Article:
Saturday, October 23, 2010

Will Tweet for Meat

I'm a professional photographer. I have two digital cameras, two computers and innumerable portable hard-drives. I have an iPhone. Bluetooth. MobileMe on a cloud. I'm digital. I'm connected, right? I just don't tweet. In fact, my inner Luddite is already troubled by all the time I spend emailing, surfing, online shopping and photoshopping (it hasn't spoken to me since I started this blog.) Do I show my age by admitting that I find most social media a little bewildering? Having always been a somewhat private person, I don't understand the compulsion to have everyone in the world know my every thought, or see pictures of me half-naked and drunk at a keg party.

So, needless to say, Twitter hasn't held out much interest for me. If most people's thoughts are relatively uninteresting, then abbreviated or mundane thoughts would be ... well, mundane. And I'm not very curious about up-to-the-moment activities of celebrities and entertainers. I'm just not sure how much more spare time I have for tweeting and re-tweeting (my inner Luddite isn't too sure either.) I should be in the garden weeding.

But the other day, I had one of those momentous epiphanies, like Caravaggio's Conversion of St. Paul on the road to Damascus. I didn't exactly fall off my horse and there wasn't a strong beam of godly light, but an interesting application for Twitter did became clear to me.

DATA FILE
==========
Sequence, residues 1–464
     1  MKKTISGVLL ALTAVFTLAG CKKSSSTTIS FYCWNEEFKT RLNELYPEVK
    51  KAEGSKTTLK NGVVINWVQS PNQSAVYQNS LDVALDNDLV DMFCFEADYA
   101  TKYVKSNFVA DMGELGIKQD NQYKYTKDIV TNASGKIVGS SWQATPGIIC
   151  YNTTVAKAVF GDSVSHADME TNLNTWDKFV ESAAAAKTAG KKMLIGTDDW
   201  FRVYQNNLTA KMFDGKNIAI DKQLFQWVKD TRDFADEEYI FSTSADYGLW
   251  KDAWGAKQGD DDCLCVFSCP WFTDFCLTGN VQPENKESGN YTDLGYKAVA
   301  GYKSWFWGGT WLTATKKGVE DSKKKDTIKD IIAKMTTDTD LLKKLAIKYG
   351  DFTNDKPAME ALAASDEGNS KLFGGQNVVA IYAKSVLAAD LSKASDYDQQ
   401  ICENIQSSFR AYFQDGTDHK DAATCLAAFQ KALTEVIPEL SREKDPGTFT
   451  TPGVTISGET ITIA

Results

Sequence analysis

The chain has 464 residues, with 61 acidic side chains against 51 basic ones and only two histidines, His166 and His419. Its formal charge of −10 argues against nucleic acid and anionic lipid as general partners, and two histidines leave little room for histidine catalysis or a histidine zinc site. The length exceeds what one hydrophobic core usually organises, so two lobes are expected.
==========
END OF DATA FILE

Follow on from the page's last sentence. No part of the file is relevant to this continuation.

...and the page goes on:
I was doing some photography at a fabulous butcher shop (Concord Prime & Fish) for an upcoming story in Edible Boston. In the course of a conversation with the owner, Mike Dulock, I discovered he tweets when he has some interesting or limited offering—a whole lamb that he just got in, or the first bay scallops of the season, for example. Rather than trying to keep track of which customers like lamb sausage, and calling or emailing them all individually, he just tweets. And since I'm nuts for homemade sausage, veal bones, pork fatback and all other manner of interesting butcher bits—I get this. Literally and figuratively.

Although, for the time being, I think I'll just listen. Like the great 20th century English novelist, Evelyn Waugh, who in his later and eccentrically pugnacious years would scream at his kids through an ear trumpet (even then a charmingly outdated piece of Victoriana) but refused to actually listen through the device—I imagine myself a social media contrarian. I won't tweet that I'm weeding in the garden, just know that I am.


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